“Our success will come not because of Board directives, or the Superintendent’s notions, or the staff’s creativity, or the community’s yearning. We will make it because we have the common need to draw on each other, and the audacity to believe that in concert, we are equal to the great tasks.” -Dr. Marcus Foster, Former Superintendent Oakland Unified
The Oakland community unfortunately is not in an unfamiliar place: the search for a new superintendent. Over the last 50 years, Oakland Unified has seen 24 superintendents (check out this blog from Educate78 on OUSD Superintendents: Now and Then).
We move forward together, and with that have a responsibility to Oakland students to ensure our School Board selects the best leader for Oakland students.
Here at GO Public Schools, we are committed to providing timely updates as the search progresses and lift up opportunities for the Board to hear from the community to inform their selection.
In this first update, we highlight the work of a superintendent, recap the Board’s announced selection process, and offer some context on how a superintendent search generally works.
The Role of a Superintendent
The superintendent reports directly to the school board, acting as the chief administrator of a school district. The responsibilities of the superintendent are many — highlighted below are some of the most important.
The Board’s Selection Process
With some of the most important responsibilities for the superintendent in mind, it’s important to understand the Oakland School Board’s process for selecting this leader.
The Oakland Board of Directors has retained the search firm Leadership Associates to assist in facilitating the search process. Based in California, Leadership Associates has supported school boards in their selection of superintendents in more than 350 California school districts and organizations since 1996. The Oakland Board has previously used the firm.
The Board communicated their selection timeline — key dates are highlighted below.
Alongside the timeline, the Board also communicated that they are “committed to an open and transparent process that will engage staff and community in determining the key qualities and attributes needed in the new superintendent.”
Selecting a Superintendent
There is no perfect process for how to select a new superintendent, however, there are important factors in deciding how to approach it. We offer some context in the questions and answers to follow.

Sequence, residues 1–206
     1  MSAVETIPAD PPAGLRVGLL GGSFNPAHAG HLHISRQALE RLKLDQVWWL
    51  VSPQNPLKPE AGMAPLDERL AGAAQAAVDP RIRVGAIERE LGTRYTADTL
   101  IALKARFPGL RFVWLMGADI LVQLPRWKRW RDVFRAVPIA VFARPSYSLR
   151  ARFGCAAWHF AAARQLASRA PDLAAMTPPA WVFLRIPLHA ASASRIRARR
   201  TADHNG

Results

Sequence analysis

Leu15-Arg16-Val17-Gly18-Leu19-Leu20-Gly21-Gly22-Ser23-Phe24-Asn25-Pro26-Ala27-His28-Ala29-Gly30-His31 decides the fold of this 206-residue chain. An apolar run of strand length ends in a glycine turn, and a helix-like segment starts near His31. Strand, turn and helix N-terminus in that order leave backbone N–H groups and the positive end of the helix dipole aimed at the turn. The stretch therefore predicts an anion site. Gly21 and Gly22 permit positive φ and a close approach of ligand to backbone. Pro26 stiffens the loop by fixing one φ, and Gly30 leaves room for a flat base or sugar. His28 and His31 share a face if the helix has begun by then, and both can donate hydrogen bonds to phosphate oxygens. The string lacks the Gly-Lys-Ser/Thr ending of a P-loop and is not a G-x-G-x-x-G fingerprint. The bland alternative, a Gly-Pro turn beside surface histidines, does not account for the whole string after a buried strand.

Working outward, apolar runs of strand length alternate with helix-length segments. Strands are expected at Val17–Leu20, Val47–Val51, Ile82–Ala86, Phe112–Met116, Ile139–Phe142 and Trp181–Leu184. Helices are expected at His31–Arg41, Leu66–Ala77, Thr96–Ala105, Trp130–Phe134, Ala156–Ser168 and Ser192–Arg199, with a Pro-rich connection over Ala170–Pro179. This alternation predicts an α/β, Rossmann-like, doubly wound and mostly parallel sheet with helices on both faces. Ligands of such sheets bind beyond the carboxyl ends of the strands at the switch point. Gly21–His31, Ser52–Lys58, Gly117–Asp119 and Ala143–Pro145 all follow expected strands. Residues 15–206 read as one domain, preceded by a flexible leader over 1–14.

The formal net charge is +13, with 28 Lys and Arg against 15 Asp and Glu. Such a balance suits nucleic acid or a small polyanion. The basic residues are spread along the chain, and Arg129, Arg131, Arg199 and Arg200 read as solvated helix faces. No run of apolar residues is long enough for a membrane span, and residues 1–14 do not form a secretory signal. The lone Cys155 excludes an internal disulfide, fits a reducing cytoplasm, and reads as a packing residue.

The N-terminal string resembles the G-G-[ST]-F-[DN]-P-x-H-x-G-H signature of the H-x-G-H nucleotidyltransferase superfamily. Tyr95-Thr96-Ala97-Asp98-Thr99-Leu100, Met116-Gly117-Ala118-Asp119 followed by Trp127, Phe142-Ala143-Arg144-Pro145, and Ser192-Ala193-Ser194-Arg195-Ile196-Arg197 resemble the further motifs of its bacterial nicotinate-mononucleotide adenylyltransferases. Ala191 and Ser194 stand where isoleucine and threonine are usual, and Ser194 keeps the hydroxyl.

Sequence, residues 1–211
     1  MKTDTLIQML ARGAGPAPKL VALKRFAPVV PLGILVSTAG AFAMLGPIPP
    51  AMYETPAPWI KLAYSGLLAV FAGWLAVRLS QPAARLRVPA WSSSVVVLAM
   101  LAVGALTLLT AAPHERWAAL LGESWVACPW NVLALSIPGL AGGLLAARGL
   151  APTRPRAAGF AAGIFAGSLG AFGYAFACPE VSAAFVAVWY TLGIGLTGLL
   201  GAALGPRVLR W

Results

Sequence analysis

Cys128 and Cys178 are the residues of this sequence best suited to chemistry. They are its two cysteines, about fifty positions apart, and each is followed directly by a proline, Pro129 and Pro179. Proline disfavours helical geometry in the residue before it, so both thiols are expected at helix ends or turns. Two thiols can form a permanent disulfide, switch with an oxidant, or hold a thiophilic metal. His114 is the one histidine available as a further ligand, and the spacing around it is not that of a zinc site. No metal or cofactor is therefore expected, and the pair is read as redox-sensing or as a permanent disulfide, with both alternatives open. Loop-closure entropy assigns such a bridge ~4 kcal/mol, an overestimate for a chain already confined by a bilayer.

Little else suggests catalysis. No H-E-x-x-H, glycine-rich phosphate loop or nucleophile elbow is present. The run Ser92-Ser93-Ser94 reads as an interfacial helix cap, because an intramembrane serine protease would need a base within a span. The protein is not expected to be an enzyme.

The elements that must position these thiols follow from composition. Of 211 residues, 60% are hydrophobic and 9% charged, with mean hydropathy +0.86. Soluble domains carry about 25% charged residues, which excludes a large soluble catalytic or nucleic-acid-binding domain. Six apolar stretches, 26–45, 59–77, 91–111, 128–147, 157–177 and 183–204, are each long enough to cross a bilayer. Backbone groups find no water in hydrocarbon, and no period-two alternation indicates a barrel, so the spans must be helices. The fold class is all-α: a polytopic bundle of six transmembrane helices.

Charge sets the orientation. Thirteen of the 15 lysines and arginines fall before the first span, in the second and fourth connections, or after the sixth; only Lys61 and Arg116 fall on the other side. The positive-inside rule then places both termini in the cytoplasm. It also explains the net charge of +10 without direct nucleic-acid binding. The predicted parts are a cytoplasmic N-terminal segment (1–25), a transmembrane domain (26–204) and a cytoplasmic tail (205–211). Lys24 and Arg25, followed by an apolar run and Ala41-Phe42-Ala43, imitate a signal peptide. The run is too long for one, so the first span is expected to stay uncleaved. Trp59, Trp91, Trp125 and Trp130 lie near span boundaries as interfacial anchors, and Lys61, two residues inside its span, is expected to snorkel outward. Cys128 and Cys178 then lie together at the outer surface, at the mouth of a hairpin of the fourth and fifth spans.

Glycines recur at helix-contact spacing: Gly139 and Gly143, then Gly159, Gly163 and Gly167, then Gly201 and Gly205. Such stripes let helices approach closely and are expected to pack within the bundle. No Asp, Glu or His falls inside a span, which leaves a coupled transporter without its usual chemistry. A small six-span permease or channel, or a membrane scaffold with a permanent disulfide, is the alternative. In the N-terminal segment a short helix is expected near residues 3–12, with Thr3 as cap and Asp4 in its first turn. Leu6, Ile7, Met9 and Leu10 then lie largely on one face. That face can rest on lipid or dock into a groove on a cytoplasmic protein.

Our elected school board selects the superintendent. In fact, one of the most important responsibilities of a school board is to hire and manage the superintendent. The school board is the superintendent’s boss.
The search for a superintendent has many steps and moving parts — to name a few:
- Engage with community to have voices heard in a variety of different ways such as open forums, group input sessions, and an online survey
- Per community input and the board’s vision for the district, get clear about the ideal candidate profile
- Author a job description
- Advertise the role
- Review and vet applications
- Author meaningful interview questions that get to the heart of the role, closely aligned to the district’s needs
- Conduct thorough interviews, reference checks, and background checks
- Communicate with candidates throughout the process, including scheduling interviews and notifying candidates of the Board’s decisions
Many school boards choose to hire a firm to help manage and facilitate these numerous steps, particularly as the school board is concurrently managing the day-to-day responsibilities of being a school board member. Hiring a search firm is a common practice for many organizations across government, nonprofit, and for-profit sectors when conducting an important talent search.
Alternatively, a school board can choose not to hire a search firm or consultant and conduct the search themselves. Boards that commit to this should be aware of the time and effort required for a search.
The benefit of a school board using the same search firm is that the firm better knows the school board — and community. There is a level of relationship building and trust that is key for a school board when working with a search firm. School board members should be able to be direct and transparent in their needs and feedback on candidates and process.
A open search means that the general public knows all the candidates. One benefit of this is that the board has the option to conduct open interviews with the community.
A confidential search means candidates do not have to publicly announce their application and interviews are conducted in private. A benefit to approach is that districts may see a difference in the quality of the candidate pool, as candidates are able to apply without jeopardizing their current role. If a school board chooses this approach, it is critical that they receive community feedback in the beginning stages of the process.
As with the search firm choice, both approaches have their pros and cons, and it is important that the school board and public understand and be transparent with these tradeoffs.
What Can I Do?
That was a lot of information! What can I do?
First, share your voice. If you took OUSD’s Superintendent Search Survey, the Board and Leadership Associates are sure to use the data collected here closely when developing the ideal candidate profile, authoring the job description, and interviewing candidates. Keep an eye out for opportunities to share your voice like this in the future.
Second, stay informed. Keep up-to-date on search happenings such that you can share your voice along the way in the process.